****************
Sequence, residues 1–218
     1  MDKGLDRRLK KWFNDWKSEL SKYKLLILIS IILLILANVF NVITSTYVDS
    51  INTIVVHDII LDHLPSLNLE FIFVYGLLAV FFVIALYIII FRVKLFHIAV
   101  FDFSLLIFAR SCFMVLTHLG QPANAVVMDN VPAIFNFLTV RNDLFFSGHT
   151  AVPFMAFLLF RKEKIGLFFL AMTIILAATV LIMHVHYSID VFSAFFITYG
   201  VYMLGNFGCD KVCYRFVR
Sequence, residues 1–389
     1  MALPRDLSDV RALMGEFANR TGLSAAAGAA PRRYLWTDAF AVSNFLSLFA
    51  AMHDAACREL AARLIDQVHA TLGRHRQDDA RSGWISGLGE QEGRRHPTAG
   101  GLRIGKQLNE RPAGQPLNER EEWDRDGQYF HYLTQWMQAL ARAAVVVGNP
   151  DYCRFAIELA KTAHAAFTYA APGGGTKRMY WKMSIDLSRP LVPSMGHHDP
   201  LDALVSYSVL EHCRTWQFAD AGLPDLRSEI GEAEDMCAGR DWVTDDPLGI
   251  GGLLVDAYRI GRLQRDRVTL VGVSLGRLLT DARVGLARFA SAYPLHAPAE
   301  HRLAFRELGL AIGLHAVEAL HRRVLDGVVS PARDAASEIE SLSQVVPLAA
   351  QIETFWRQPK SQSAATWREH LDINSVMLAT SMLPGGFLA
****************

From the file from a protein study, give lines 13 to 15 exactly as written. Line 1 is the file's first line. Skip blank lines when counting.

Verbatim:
   251  GGLLVDAYRI GRLQRDRVTL VGVSLGRLLT DARVGLARFA SAYPLHAPAE
   301  HRLAFRELGL AIGLHAVEAL HRRVLDGVVS PARDAASEIE SLSQVVPLAA
   351  QIETFWRQPK SQSAATWREH LDINSVMLAT SMLPGGFLA